When tennis greats achieve the highest peaks of the mountain, the stay is usually short. There are no year-end championships, per se, in tennis. Rather, there are four Grand Slam tournaments per year, spread out across the calendar and hosted on differing surfaces to represent the entirety and variety of the sport. The collection of these titles has come to be the measure of greatness (for better or worse). There can (and will forever be) some dissembling about how players felt about these Slams in the 1970’s and 1980’s when travel was not as easy and the media spotlight on the Slams was not as glaring. For instance, John McEnroe only attended the Australian Open five times in his eighteen year career, never winning it; Jimmy Connors only played the Aussie Open twice (winning it in 1974 and making the final in 1975) and he skipped the French Open during, arguably, his peak years from 1974 to 1978 (Chris Evert, on the women’s tour, did similarly). Bjorn Borg, a winner of ELEVEN Grand Slams, only went to Australia once. Would today’s discussions about Roger Federer and Serena Williams be different if Evert and Connors and Borg had spent more time in France and Australia? Probably.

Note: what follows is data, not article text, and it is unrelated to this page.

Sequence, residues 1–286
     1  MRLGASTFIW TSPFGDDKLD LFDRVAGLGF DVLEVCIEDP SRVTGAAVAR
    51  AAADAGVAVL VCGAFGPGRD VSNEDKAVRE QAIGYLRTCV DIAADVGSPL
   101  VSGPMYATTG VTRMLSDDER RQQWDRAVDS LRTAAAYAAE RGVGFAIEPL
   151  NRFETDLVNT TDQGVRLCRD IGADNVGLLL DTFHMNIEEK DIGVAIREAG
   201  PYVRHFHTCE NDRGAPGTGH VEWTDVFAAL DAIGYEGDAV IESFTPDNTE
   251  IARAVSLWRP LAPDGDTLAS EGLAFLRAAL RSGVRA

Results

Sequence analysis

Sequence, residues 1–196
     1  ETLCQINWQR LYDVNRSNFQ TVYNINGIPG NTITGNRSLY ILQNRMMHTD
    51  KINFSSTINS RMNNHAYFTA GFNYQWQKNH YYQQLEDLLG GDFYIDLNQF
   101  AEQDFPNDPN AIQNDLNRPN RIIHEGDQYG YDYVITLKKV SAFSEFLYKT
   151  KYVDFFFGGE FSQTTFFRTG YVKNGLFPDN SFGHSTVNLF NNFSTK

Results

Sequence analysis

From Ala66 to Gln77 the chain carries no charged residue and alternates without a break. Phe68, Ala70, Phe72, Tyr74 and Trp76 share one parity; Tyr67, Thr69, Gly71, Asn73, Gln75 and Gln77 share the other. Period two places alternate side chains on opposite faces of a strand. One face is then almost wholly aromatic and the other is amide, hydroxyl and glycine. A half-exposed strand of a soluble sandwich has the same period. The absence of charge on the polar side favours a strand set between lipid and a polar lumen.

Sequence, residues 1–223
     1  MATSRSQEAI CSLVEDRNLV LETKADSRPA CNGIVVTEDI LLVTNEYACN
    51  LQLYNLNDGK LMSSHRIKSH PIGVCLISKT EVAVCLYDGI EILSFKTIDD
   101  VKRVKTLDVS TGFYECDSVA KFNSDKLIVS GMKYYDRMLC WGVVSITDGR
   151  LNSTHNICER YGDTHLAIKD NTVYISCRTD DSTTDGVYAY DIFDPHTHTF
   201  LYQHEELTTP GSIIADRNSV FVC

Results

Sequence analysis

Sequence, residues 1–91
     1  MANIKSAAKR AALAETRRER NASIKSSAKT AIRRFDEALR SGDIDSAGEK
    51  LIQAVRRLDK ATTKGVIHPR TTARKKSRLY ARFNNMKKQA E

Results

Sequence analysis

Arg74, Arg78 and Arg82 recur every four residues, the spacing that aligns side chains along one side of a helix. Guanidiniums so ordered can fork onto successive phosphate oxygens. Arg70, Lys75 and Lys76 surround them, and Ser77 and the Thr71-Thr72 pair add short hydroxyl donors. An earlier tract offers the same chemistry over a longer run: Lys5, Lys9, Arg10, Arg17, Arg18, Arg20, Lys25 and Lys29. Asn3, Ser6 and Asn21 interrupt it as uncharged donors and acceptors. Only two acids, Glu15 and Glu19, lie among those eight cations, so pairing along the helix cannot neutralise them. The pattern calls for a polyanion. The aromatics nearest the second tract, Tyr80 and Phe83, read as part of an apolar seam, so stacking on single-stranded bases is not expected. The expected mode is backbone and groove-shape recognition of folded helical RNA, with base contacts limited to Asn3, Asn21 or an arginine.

Nonetheless, Slam performances are what we have. And peak Slam performance is, as mentioned above, short. Most players have moments of dominance, just like the teams that produce dynasties in other sports. But, that dominance is usually not sustained over multiple years. Rather, it is usually a short burst over 18–24 months, or even less. Open Era professional tennis began in 1968 when professionals started competing in the four Grand Slams. And dominance was asserted right away. Rod Laver won all four Grand Slams in 1969 — The Australian Open (January), the French Open (May), Wimbledon (July), and the US Open (September). It’s also the only time this “calendar Slam” has been achieved. In fact, he also won the 1968 Wimbledon title, giving him five in six. But, he didn’t win another after that (he won a whole bunch before the “Open Era” started but, that is a discussion for a different day). This burst of titles would come to be emblematic of the sport. Players would continue to stack their Slam titles in short succession. Stan Smith won two Slams in his career, they came within nine months of each other (the 1971 US Open and Wimbledon in 1972). Ilie Nastase also won two Slams in his career, and likewise, they came within nine months of each other (the 1972 US Open and the 1973 French). Guillermo Vilas won four Slam, they came within a twenty-month span, from the 1977 French to the 1979 Aussie. Jim Courier also won four Slams and they also came within a twenty-month span, from the 1991 French to the 1993 Aussie. Lleyton Hewitt won two Slams and like Stan Smith, they were separated by nine months (2001 US Open and Wimbledon 2002). The examples of players with one, two or three Slams are endless.